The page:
Jeffrey J. Buler, Professor
B.A. St. Mary’s College of Maryland, 1995
M.S. Louisiana State University, 1999
Ph.D. The University of Southern Mississippi, 2006

Jeff received his B.A. from St. Mary’s College where he studied biology.  He went on to study nesting songbirds for his M.S. research at Louisiana State University and stopover ecology of songbirds using a variety of methods including weather surveillance radar for his dissertation research at The University of Southern Mississippi.  In 2011, he joined the faculty at the University of Delaware and, over the next few years, has strived for excellence in developing a productive extramurally-funded research program in Wildlife Ecology.  Jeff is an international leader in the discovery of novel methods to expand scientific knowledge within the young field of aeroecology focused on the basic and applied ecology of organisms that inhabit the atmosphere.  His current research focuses on radar biology, avian ecology and migration, landscape ecology, and conservation biology.  See his work on Google Scholar, Research Gate, and the Research Projects page.

Katherine Bird, M.S. Student
B.S. University of Delaware, 2018
Undergraduate Thesis: Stopover Habitat Use by Migratory Songbirds in Rhode Island
M.S. Thesis: Investigating Purple Martin Movements and Roosts in the Mid-Atlantic

Katie joined the Aeroecology lab in 2016 as an undergraduate research assistant. She then completed a senior thesis in the lab, studying stopover habitat of migrating birds in Rhode Island, in conjunction with their breeding bird atlas effort. After graduating and spending a year serving with AmeriCorps in Reno, Nevada, she returned to the lab in 2019 to process data for the gulf coast and Tucson. She started her master’s in the lab in the fall of 2020, studying local movement ecology of Purple Martins. Follow her work on LinkedIn or ResearchGate!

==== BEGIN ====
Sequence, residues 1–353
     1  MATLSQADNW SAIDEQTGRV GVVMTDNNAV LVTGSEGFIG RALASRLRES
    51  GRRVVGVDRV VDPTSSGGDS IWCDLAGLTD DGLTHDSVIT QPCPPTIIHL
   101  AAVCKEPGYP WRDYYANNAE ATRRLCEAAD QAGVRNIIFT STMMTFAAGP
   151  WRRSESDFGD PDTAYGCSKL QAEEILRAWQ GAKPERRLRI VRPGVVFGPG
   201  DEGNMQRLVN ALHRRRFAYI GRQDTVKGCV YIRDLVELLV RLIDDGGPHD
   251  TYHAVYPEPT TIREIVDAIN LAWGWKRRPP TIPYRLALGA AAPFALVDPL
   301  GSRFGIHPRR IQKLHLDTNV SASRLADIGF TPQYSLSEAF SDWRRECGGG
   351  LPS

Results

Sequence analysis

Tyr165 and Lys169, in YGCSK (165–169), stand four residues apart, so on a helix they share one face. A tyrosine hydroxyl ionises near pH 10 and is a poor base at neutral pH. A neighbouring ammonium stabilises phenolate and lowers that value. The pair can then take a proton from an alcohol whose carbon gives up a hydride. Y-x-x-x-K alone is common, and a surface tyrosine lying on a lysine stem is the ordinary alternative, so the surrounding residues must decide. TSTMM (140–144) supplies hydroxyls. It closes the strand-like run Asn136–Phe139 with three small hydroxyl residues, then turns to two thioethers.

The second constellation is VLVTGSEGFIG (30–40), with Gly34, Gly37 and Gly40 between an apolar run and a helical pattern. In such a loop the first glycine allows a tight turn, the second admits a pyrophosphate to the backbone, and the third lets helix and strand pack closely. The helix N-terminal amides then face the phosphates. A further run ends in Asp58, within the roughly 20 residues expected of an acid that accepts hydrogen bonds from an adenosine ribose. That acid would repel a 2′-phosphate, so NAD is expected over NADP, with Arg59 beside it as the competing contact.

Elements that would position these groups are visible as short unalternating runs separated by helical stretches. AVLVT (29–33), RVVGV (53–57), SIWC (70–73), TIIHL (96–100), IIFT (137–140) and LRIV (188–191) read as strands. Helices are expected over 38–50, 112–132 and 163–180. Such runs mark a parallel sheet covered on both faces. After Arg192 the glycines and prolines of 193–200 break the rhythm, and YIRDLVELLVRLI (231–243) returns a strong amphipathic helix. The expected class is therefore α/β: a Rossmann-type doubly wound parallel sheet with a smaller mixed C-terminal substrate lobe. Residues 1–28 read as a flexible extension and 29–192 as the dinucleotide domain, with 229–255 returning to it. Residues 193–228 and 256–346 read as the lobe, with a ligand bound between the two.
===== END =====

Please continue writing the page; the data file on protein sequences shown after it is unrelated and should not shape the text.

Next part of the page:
Since starting her master’s Katie has been awarded a Delaware Ornithological Society Conservation Science Grant ($3,000) and a Purple Marple Conservation Association Research Grant ($2,400).

Besides radar, she loves birding, biking, road trips, and training her dogs.

Matthew Hardy, M.S. Student
A.S. Northampton Area Community College, PA
B.S. Delaware Valley University, PA

Matt Hardy holding a trapped Canada Goose.

Matt has been an M.S. research assistant at the University of Delaware since the fall of 2020 and is also a member of the Williams Waterfowl & Upland Gamebird lab. Matt graduated from Delaware Valley University in 2017 with a B.S. in wildlife conservation and management. Since graduation he has worked as an assistant biologist at John Heinz National Wildlife Refuge in Philadelphia through the SCA (Student Conservation Association), wildlife research assistant at the University of West Virginia and as a loon/waterbird/marsh bird technician for the Biodiversity Research Institute in Maine and New Hampshire. His master’s research project will look to combine radar, radio telemetry and predictive modelling to track target waterfowl species (canada geese, greater snow geese and mallards) spatially and temporally across the landscape in order to create an interactive avian influenza biosecurity model for the Mid-Atlantic poultry industry. In his spare time, he enjoys birding, soccer, tennis and spending time with loved ones. 

Amanda Crandall, M.S. Student
B.S. James Madison University Amanda holding a canada warbler!

Amanda received her B.S. from James Madison University in 2017 where she studied biology and geographic science. She has spent the past three years working in the field to collect data for various avian-related research projects across the U.S. Her M.S. research will focus on using radar to analyze and potentially predict migratory landbird responses to land cover change, climate change and short-term weather events along the Gulf of Mexico coast.

Amanda received $10,000 from the UD Gerard J. Mangone Climate Change Science and Policy Hub to collect fall migration data in the Atchafalaya River Basin of Louisiana using a portable dopplar radar. (March 25, 2022).

In addition to wildlife conservation, Amanda enjoys hiking, yoga, and traveling.